VS.

Callow vs. Fallow

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Callowadjective

Unfledged (of a young bird).

Fallownoun

Ground ploughed and harrowed but left unseeded for one year.

Callowadjective

(by extension) Immature, lacking in life experience.

‘Those three young men are particularly callow youths.’;

Fallownoun

Uncultivated land.

Callowadjective

Lacking color or firmness (of some kinds of insects or other arthropods, such as spiders, just after ecdysis); teneral.

Fallownoun

The ploughing or tilling of land, without sowing it for a season.

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Callowadjective

Shallow or weak-willed.

Fallowadjective

(of agricultural land) Ploughed but left unseeded for more than one planting season.

Callowadjective

(of a brick) Unburnt.

Fallowadjective

(of agricultural land) Left unworked and uncropped for some amount of time.

Callowadjective

Of land: low-lying and liable to be submerged.

Fallowadjective

(figurative) Inactive; undeveloped.

‘a fallow period in one's career’;

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Callowadjective

(obsolete) Bald.

Fallowadjective

Of a pale red or yellow, light brown; dun.

‘a fallow deer or greyhound’;

Callownoun

A callow young bird.

Fallowverb

(transitive) To make land fallow for agricultural purposes.

Callownoun

A callow or teneral phase of an insect or other arthropod, typically shortly after ecdysis, while the skin still is hardening, the colours have not yet become stable, and as a rule, before the animal is able to move effectively.

Fallowadjective

Pale red or pale yellow; as, a fallow deer or greyhound.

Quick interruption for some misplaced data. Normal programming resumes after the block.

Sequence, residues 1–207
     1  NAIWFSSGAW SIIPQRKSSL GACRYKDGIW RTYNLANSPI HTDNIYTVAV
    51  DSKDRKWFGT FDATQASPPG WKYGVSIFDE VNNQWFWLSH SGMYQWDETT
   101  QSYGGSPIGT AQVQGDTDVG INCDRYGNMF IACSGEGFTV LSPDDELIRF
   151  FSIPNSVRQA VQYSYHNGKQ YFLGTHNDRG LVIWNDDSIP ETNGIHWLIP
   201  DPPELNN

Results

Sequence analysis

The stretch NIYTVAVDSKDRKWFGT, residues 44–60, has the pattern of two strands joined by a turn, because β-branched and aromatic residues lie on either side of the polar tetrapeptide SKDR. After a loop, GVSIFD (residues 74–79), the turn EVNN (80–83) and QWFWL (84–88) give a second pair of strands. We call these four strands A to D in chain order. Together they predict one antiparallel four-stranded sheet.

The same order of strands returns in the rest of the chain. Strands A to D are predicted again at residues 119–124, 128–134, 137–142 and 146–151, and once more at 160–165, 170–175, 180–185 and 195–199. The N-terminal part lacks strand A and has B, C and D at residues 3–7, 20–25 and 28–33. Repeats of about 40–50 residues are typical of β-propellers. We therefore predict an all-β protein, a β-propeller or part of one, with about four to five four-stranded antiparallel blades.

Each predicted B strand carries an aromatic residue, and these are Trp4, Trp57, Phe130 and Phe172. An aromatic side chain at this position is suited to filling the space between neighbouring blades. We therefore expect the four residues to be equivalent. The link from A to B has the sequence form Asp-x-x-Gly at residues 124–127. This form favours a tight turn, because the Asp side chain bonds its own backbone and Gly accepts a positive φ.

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Callownoun

An alluvial flat.

Fallowadjective

Left untilled or unsowed after plowing; uncultivated; as, fallow ground.

Callowadjective

Destitute of feathers; naked; unfledged.

‘An in the leafy summit, spied a nest,Which, o'er the callow young, a sparrow pressed.’;

Fallownoun

Plowed land.

‘Who . . . pricketh his blind horse over the fallows.’;

Callowadjective

Immature; boyish; "green"; as, a callow youth.

‘I perceive by this, thou art but a callow maid.’;

Fallownoun

Land that has lain a year or more untilled or unseeded; land plowed without being sowed for the season.

‘The plowing of fallows is a benefit to land.’;

Callownoun

A kind of duck. See Old squaw.

Fallownoun

The plowing or tilling of land, without sowing it for a season; as, summer fallow, properly conducted, has ever been found a sure method of destroying weeds.

‘Be a complete summer fallow, land is rendered tender and mellow. The fallow gives it a better tilth than can be given by a fallow crop.’;

Callowadjective

lacking experience of life;

‘a callow youth of seventeen’;

Fallowverb

To plow, harrow, and break up, as land, without seeding, for the purpose of destroying weeds and insects, and rendering it mellow; as, it is profitable to fallow cold, strong, clayey land.

Fallownoun

cultivated land that is not seeded for one or more growing seasons

Fallowadjective

left unplowed and unseeded during a growing season;

‘fallow farmland’;

Fallowadjective

undeveloped but potentially useful;

‘a fallow gold market’;

Fallowadjective

(of farmland) ploughed and harrowed but left for a period without being sown in order to restore its fertility or to avoid surplus production

‘incentives for farmers to let land lie fallow’;

Fallowadjective

(of a period of time) characterized by inaction; unproductive

‘long fallow periods when nothing seems to happen’;

Fallowadjective

(of a sow) not pregnant.

Fallownoun

a piece of fallow land

‘strips of summer fallow’; ‘a great estate was usually divided between fallows, grazed stubble, and wheat’;

Fallownoun

a pale brown or reddish yellow colour

‘possible feather colours include fallows, pieds, and yellows’;

Fallowverb

leave (land) fallow for a period

‘fallow the ground for a week or so after digging’;

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